NHL free agency winners and losers: The signings shaking up the East

Some of these moves were easy to predict long in advance. Others went down to the wire.

There could be some big risers in the NHL next season after the wave of signings made Monday, particularly in the Eastern Conference, where the Rangers and Panthers made big statements during the opening hours of free agency.

John Davidson left Columbus for Broadway and brought Artemi Panarin with him, the Rangers throwing a seven-year, $81.5 million deal at the top free agent on the market. And with Davidson’s exit, the Blue Jackets’ window for realistically competing for a Stanley Cup could be gone. They couldn’t convince Panarin to stay despite a reported last-ditch offer, and their star goaltender Sergei Bobrovsky completed his long-rumored move to Florida.

Out West, Nashville and Dallas are playoff teams that bolstered their Stanley Cup chances. The Predators landed the top center on the market, Matt Duchene, while the Stars inked three veterans in longtime Shark Joe Pavelski, former MVP Corey Perry and Andrej Sekera. Colorado also made noise by acquiring Nazem Kadri and adding quality to its bottom-six.

Of course, with the Stanley Cup Playoffs being wide open every year, these moves guarantee very little. But at least on paper, some teams are better than they were two days ago and others are worse. Here’s a look at which teams fared the best and worst in free agency:

New York Rangers

They’re no longer rebuilding. The Panarin signing means the Blueshirts are ready to get back into the playoffs even while some of their kids develop. The Bread Man cost a lot of dough, but he should be worth it after averaging 80 points a season over his first four years in the NHL with Chicago and Columbus. Panarin, who turns 28 in October, recorded a career-high 87 points last season and gives the Rangers the high-end, top-line threat they’ve needed on the wing.

Florida Panthers

The price for top goalies these days is steep, but Bobrovsky gives Florida the stability they need in nets. He’s a two-time Vezina Trophy winner who turns 31 in September. The end of his seven-year, $70 million contract could be dicey, but he’s worth it in the short-term. After years of questionable playoff performances, Bobrovsky had a 2.41 goals against average and .925 save percentage in 10 games this postseason. Florida also added former Ranger Anton Stralman to strengthen their defense corp and added Brett Connolly and Noel Acciari up front.

Nashville Predators

After dealing P.K. Subban to the Devils to create cap room for a top forward, believing it still has enough on the blue line, Nashville was able to get Duchene at a relatively reasonable $8 million cap hit over seven years (there’s no state income tax in Tennessee). Nashville has had one of the better teams in the NHL in recent years. It lost in the second round in 2015-16 before reaching the Stanley Cup Final the following season, falling to Pittsburgh in six games. The Predators have won the Central Division each of the last two seasons but haven’t gotten back to the conference finals. GM David Poile hopes Duchene is the missing piece.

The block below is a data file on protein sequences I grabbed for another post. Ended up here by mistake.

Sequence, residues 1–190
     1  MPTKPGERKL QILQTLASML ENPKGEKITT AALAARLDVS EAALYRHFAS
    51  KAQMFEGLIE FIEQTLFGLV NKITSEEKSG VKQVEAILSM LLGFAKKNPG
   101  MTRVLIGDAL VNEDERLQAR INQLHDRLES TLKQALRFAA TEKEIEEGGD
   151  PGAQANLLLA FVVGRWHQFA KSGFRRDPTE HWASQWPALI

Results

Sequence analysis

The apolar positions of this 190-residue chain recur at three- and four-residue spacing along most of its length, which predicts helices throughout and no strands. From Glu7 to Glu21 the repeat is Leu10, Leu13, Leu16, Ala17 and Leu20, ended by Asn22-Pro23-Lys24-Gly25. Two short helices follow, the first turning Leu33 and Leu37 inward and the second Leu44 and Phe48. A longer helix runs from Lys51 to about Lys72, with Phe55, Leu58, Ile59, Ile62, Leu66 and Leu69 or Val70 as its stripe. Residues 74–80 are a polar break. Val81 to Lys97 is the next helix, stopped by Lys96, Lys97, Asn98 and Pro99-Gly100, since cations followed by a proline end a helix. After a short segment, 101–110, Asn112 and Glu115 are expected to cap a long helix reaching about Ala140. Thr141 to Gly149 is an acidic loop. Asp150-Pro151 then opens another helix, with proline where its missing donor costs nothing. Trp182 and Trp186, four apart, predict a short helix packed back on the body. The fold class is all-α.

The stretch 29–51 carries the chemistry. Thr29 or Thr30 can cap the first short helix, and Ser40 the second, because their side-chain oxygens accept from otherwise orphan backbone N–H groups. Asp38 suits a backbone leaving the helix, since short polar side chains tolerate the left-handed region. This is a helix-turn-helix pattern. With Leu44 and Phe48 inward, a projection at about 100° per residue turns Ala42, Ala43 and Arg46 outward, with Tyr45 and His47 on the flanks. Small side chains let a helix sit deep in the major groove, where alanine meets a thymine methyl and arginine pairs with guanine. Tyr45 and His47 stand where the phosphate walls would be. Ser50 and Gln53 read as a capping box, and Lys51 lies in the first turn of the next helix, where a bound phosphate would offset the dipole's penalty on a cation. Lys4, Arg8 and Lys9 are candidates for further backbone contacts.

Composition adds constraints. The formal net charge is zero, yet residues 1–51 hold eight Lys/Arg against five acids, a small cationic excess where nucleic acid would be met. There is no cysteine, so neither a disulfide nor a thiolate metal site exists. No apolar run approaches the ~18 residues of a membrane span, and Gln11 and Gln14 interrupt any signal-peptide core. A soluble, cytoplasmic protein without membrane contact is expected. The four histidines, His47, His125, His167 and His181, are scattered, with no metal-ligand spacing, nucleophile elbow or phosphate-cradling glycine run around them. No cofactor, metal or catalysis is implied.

Dallas Stars

Dallas was bounced in the second round in seven games by the eventual champion Blues. GM Jim Nill is banking on this trio of veterans, particularly Pavelski, to help the Stars make a Stanley Cup run. Pavelski, who signed for $21 million over three years, has 100 points in 134 career postseason games and has been a consistent producer throughout his career. Perry’s best days are behind him, but he has plenty of playoff experience and was a low risk on a one-year, $1.5 million deal after Anaheim bought him out. Sekera adds depth to the back end.

New York Islanders

They wanted Panarin but couldn’t get him, and while keeping captain Anders Lee was important, you wonder how the end of his seven-year, $49 million contract is going to look. It was also odd to see the Isles throw a four-year, $20 million contract at goalie Semyon Varlamov and not Robin Lehner, who was a Vezina finalist last season after overcoming substance-abuse issues. The 31-year-old had a rough season with Colorado but has performed well in the past. Lehner, who turns 28 this month, settled for a one-year, $5 million deal with Chicago.

Columbus Blue Jackets

There’s still talent in Columbus, but after losing Panarin and Bobrovsky, John Tortorella and Co. are facing an uphill battle in the East. Signing Gustav Nyquist is fine, but it doesn’t come close to making up for the exodus. They couldn’t convince Duchene to stay either after acquiring him ahead of the trade deadline. The Blue Jackets’ momentum just came to a grinding halt.

Edmonton Oilers

They’re going to have to do a better job of building around Connor McDavid if they want to take the next step. Markus Granlund and Tomas Jurco aren’t going to move the needle up front, and 37-year-old Mike Smith isn’t the answer in goal. They should’ve presented a better contract than the one Lehner received from the Blackhawks.

Pittsburgh Penguins

After trading Phil Kessel in the deal that netted them Alex Galchenyuk, who’s a year away from being a UFA, Pittsburgh gave Brandon Tanev a six-year, $21 million deal. It’s hard to comprehend why Jim Rutherford decided to make that sort of commitment to a forward with little-to-no offensive upside.